outcomes, an emphasis on the individual and high standards

(academic and personal) all shine through research as

Consistently distinctive attributes of an independent

education. ,lc

     Margaret Goldsborough, the director of public

information for NAI$,     spoke with the author on the telephone

stating, "The bottom-line for enrolling a student in an
                                               l
independent school is the educational suality. "

     Moulton stated,    ,The reputation of independent schools

for educational excellence appears to be well grounded in the

quality of its academic programs.       "12


     Rick Cowan, author of The Next. Marketing Handbook, had

this to say about enrollment, "The object of the game

(enrollment marketing),    is    to find your corner of the

consumer's consciousenss        (sometimes referred to as a   "niche")

and then exploit it,    expand it, and defend it." 1 3   He also




10 Meg Moulton, Summary of Market RefSroh Themes         (Boston:
NAIS, 1991) p. 4,
11 Margare: Goldsborough, director of public information,
NAIS, phone conversation,l-15-94.
12 Meg Moulton, Summary of Market Research ..Theres (Boston:
NAIS, 1991) p+ 4
13 Rick Cowen, The Next Marketing Hnrdboook (Boston:   NAIS,
1991) p, 4
                                                                        12




noted that, "If you don't bother to position yourself, your

customers and competitors will do it for you. "14

       NAIS cites in its newsletter, Briefings, that,       "76%   of

the parents in one market study cited     "quality Curriculum" as

an important characteristic entering into their decision-

                      t
making on enrollment."'

       NAIS goes on to say,   "That the concrete   outcomes of the

child's educational experience may include admission to

college, successful improvement in the child's skills or

overall moral and ethical development."    6


       Rick Cowan suggests that a large percentage of inquirers

of   independent education "Clutch at what can be touched,

seen, and shown."17

CURRICULU   m

       Research has shown the author that curriculum issues are

the most widely discussed, evaluated and reviewed by

inquiring parents, faculty, boards of trustees, current

students, and alumni,

       Cowan found that parents already satisfied with their

child's current educational     setting will make no move toward

finding alternative educational options.       He stated,

"Critical to the marketing success of independent schools


14 Cowen, p, 4
15 NAIS, Briefing , Briefing 02 (Boston: NAIS) p.2
16 Briefings, p. 2
17 Rick Cowen, The Next Marketing Handbook (Boston:         NAIS,
1991) p. 5
                                                                    13



will be their ability to 'advertise' their educational

quality to a broader marketplace."l

     Meg Moulton of NAIS noted that academic quality is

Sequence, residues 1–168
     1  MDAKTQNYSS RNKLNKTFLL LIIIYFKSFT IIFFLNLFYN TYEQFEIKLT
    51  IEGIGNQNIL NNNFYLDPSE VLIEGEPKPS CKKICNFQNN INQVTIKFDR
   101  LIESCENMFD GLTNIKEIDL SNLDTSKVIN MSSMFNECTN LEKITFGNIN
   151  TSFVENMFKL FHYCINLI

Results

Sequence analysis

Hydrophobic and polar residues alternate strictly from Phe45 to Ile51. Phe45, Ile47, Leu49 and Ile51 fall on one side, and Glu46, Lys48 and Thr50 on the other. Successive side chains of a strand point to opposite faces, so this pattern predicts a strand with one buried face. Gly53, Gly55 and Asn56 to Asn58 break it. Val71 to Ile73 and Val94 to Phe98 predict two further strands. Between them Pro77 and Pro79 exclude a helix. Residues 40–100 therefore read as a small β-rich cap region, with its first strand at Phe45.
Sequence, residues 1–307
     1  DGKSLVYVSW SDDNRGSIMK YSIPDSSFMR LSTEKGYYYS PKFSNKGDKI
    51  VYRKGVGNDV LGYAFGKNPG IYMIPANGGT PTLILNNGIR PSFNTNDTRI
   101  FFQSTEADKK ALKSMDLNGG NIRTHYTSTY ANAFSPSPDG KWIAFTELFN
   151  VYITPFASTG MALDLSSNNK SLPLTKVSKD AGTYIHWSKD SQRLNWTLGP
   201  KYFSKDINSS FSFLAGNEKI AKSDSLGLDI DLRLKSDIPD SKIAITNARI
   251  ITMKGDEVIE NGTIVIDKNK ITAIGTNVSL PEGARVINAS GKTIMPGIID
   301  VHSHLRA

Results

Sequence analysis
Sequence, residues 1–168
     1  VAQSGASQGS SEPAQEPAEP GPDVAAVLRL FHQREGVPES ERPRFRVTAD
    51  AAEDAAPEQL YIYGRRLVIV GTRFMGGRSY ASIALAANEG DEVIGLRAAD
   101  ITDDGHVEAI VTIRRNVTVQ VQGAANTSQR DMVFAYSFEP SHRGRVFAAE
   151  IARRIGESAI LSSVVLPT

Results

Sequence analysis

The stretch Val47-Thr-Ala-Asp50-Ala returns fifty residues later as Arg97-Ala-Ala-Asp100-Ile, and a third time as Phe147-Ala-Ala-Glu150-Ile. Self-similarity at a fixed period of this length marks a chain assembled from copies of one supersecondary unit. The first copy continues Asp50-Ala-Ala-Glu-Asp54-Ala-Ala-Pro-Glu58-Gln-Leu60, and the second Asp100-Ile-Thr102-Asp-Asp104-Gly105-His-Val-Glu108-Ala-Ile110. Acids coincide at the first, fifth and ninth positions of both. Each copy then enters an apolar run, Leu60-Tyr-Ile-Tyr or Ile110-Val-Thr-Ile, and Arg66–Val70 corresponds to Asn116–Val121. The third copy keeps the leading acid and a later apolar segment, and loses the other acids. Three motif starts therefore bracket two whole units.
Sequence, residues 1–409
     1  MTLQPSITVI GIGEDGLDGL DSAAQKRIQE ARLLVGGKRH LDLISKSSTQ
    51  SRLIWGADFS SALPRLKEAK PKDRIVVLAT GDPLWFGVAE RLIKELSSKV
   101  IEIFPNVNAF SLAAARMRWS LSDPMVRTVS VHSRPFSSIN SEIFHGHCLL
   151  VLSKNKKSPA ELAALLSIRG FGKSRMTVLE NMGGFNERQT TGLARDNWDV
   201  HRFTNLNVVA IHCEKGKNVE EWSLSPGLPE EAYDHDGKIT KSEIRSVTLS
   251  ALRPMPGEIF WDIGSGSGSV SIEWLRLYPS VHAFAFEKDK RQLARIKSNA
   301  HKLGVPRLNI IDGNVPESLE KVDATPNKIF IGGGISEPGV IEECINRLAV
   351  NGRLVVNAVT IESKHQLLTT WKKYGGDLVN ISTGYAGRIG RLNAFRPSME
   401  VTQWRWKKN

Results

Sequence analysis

mentioned repeatedly by prospect, inquirer, and current

parents alike.
     The author found through research and related articles

that, "A desire for a better education for their child
appears to prompt many parents to consider another

educational setting."    19

     W. Rodman Snelling, editor of Tdeas_ &PernSeetv s_, a

newsletter published by ISM, states, "A renewed concern for

'basics' has had a direct influence on the increased interest
in non-public educaeion."20

     Snelling notes, "Independent and other private schools
are viewed by many as representing tradition and tradition
implies 'basics. ' "21

      ISM listed reasons that alternative educational
settings are sought by the public, and ISM found that they

usually center on:

           'Increased orientation to college preparation.

           *Young people marrying older...after a nest egg has
            been earmarked for education.


18 Cowen, p. 20
19 Meg Moulton, S    mary of Market ResearcThemes. (Boston:
NAIS, 1991) p.4.
20 ISM, Ideas & Persnectives, Vol.    1 #9(ISM:   Wilm.,DE: 1976G
p. 38
21 ISM, p. 38
                                                                   14



       Without a doubt, the biggest competitor
                                                 to the
  independent school is the public
                                    school,  Cost puts
  independent schools at a distinct
                                     disadvantage when compared
  to the perceived-to-be "no cost'
                                    public school.
       NAIS notes that, "the deep seated
                                           loyalty to the public
  education system is hard to crack.
                                     "' NAYS conducted a market
 research study in 1991.   In this study, ninety-seven percent
 of parents questioned rated "good
                                     preparation for college" as
 either very Or extremely important.
                                       NAIS advises the
 marketers of independent schools
                                   to emphasize the independent
 school commitment to higher education
                                         in all publications and
 contacts with the public.




     Although all findings, discussions
                                        and research
emphasized academic quality,
                             a recurring undertone was the
cost of independent education.

      -The cost of an   independent education and   the lack of
awareness of the availability
                              of financial aid appear to have
significant impact on the ability
                                  of many schools to broaden
their inquiry and applicant pool."   21